Follow-up: Move to Sourcehut
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This is a follow-up post to my blog post detailing the changes I’ve made to how my source code is hosted.
Basically, I’m trying to move away from GitHub for my primary code hosting to a (in my opinion, better suited for me) platform. After some deliberation, I ultimately landed on sourcehut, and plan to detail the benefits I’ve gained, and the things I’ve lost. Hint, it works pretty well, so I’m excited to dig into my new workflow :-)
First, I wanted to cover the topic of migrating stuff to sourcehut - which is probably what you’re going to do if you had a bunch of repositories hosted elsewhere (Github, Gitlab, etc) like me. Unfortunately, sourcehut’s HTTPS migration breaks your repository. Yes, I should get around to reporting this, but it’s pretty bad. Basically, it looks like it clones your repository fine, but once you actually try to do any git operations it fails to pickup on the refs. Very weird, but I ended up writing my own sourcehut migration scripts here. This also includes remote fixups, because I push to multiple mirrors for most of the repositories I maintain.
I also want to cover sourcehut’s website functionality, compared to GitHub and GitLab. It’s important to note that this is extremely biased, as I do not like GitHub’s features basically trending towards being more of a “social media site”. The addition of the “For you” tab pretty much solidifies my idea that this is what it’s going to end up being, so there’s that. sourcehut on the other hand, is a programmer oriented first and foremost. This is most obvious in the UI, which is textbook definition of “minimally functional” - this is not a bad thing to me, which is clear if you’re on this website right now.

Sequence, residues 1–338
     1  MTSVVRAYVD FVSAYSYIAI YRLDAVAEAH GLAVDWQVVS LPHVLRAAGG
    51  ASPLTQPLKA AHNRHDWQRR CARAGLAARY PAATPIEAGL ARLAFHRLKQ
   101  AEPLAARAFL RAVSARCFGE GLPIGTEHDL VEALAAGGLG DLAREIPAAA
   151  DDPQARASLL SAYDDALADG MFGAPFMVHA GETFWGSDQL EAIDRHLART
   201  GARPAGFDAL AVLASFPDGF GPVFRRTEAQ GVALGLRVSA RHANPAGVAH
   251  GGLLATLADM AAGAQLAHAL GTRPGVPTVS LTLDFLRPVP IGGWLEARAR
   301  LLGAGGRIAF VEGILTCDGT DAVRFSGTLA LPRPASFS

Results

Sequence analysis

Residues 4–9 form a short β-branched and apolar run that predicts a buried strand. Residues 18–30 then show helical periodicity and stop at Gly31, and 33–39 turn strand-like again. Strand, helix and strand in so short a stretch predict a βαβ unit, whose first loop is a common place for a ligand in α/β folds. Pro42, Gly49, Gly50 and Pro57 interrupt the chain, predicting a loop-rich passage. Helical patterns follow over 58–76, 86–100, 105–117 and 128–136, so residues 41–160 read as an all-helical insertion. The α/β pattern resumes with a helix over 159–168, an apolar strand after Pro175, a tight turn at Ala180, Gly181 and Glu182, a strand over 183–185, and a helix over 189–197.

Despite this, there is still a certain charm to how simple this website functions - and browsing the sourcecode is very similar to minimal git interfaces like cgit and gitweb which I very much enjoy. However, it’s at this point where sourcehut starts exceeding GitHub in certain aspects that I very much appreciate. An example of this is the Projects feature - which allows you to organize source code repositories, mailing lists, issue trackers and stuff into a concise page. Here’s an example of what it looks like for Astra:
This is extremely useful as it allows me to organize my projects into what they are - projects. Compare this to GitHub where repository is a project and in my opinion this makes way more sense to me. Unfortunately, I have not tried out most of sourcehut’s features such as the mailing lists, issue trackers, build server etc. but I’m already impressed by the speed of the site and the ease of use.